Climate Change 2022: How to stop climate catastrophe

Our summary of the latest IPCC AR6 Working Group 3 report

“The jury has reached its verdict and it is damning.”

So starts the wonderful Antonio Guterres’ impassioned and inspiring speech at the launch of the latest climate report, the Intergovernmental Panel on Climate Change (IPCC) Sixth Assessment Report, Working Group III – Mitigation of Climate Change on 4 April 2022.

He goes on to say:

“This report … is a litany of broken climate promises. It is a file of shame cataloguing the empty pledges that put us firmly on track towards an unlivable world. We are on a fast track to climate disaster.”

“Climate activists are sometimes depicted as dangerous radicals, but the truly dangerous radicals are the countries that are increasing the production of fossil fuels. Investment in new fossil fuel infrastructure is moral and economic madness.”

He ends with:

“It’s time to stop burning our planet and investing in the abundant renewable energy all around us.”

Also at the launch, Inger Andersen, Executive Director, UN Environment Program, said:

“Half measures will not halve greenhouse gas emissions by 2030… Increased action must begin this year, not next year, this month, not next month, and indeed today, not tomorrow. Otherwise we will…continue to sleepwalk into a climate catastrophe.”

“We now today find ourselves with an opportunity for some, as countries seek out alternative sources of energy….as we rethink hydrocarbon suppliers and our dependency on fossil fuels the solution has to be to kickstart the transition to renewable and cleaner sources of energy.”

Joy in Enough

For the first time, there is a chapter on the “demand, services and social aspects of mitigation”, which looks at how reducing the demand for energy and moving away from high-impact behaviours can help us. This is the area that our Joy in Enough project has been addressing for years and we are pleased that it is finally being considered.

The report says that these behavioural and cultural changes represent a “substantial overlooked strategy” that have been left out of many transition pathways and scenarios.

There is also a brief discussion of “degrowth” for developed countries and the acknowledgement that this “could result in a dramatic reduction of energy and resource consumption”.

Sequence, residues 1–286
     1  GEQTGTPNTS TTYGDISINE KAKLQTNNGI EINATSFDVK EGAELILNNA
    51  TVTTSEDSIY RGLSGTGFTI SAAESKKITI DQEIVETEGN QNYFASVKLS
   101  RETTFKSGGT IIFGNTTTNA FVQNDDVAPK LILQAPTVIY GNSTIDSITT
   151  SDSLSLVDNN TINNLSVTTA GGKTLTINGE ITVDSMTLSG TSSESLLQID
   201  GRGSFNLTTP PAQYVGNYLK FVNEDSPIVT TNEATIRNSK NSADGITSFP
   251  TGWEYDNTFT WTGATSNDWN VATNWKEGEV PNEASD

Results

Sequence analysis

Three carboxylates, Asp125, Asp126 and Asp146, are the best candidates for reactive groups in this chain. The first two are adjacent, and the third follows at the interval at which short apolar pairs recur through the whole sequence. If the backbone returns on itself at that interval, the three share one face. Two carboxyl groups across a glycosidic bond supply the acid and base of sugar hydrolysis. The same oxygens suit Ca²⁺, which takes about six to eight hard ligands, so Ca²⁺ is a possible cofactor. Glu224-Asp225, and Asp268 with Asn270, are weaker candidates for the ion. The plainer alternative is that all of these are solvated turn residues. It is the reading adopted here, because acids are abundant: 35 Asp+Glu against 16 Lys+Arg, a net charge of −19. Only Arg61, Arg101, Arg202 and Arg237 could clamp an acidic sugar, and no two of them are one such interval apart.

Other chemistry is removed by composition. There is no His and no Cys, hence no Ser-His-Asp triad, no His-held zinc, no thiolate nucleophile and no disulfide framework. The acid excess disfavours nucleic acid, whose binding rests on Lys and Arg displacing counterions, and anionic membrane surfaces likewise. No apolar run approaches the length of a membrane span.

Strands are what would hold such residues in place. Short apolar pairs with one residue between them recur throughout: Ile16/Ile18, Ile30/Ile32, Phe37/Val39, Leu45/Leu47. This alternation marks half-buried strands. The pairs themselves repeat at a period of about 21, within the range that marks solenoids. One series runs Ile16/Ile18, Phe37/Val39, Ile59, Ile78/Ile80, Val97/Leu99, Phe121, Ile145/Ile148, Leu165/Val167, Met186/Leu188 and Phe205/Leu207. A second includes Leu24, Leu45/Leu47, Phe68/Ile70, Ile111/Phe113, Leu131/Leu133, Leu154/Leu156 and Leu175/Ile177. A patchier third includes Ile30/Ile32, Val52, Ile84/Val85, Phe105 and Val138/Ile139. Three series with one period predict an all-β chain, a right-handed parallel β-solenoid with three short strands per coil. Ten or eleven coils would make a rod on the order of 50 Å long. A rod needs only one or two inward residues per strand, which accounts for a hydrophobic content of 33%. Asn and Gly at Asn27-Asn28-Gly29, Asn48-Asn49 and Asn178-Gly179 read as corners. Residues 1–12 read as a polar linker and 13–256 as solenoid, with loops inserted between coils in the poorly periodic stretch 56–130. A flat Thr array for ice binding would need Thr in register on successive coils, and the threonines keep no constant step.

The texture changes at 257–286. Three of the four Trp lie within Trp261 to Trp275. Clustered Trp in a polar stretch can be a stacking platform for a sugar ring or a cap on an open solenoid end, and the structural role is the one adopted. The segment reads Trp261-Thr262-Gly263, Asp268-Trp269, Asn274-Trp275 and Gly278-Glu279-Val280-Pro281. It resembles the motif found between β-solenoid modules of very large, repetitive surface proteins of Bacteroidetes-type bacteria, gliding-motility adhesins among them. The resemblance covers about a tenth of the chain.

Is it really this serious?

Yes, it is. In fact, to get the true picture of where we are (and as Christians, I think our faith gives us the strength to face the truth, however terrifying) we need to know that there are concerns that this report, that must be made acceptable to 195 governments, is based on optimistic assumptions. For example:

  • Real world temperatures may well be higher than the numbers quoted. This report uses a best-guess climate sensitivity of 3 degrees, when the latest models from the first report, on the science, shows that the sensitivity could be as much as 4 degrees.
  • Not all feedbacks (e.g. peat lands, permafrost, forest fires) are included in the models. As human-induced temperatures rise, feedbacks will become increasingly important and will raise temperatures still further.
  • Assumed CO2 removal. The two best case scenarios rely on massive direct air capture of CO2 – a technology that does not yet exist at any scale
  • Net Zero. Until we know that large scale direct air capture will work and we stop losing forests, we need to aim for zero carbon combustion.

In conclusion, mitigation needs to be much more immediate and rapid than proposed by the Working Group III report.

So what do we do? Please join us on our journey, grappling with what God might be calling us to at this time.



Author: Ruth Jarman | Date: 13 April, 2022 | Category: Climate Emergency News | Comments: 0

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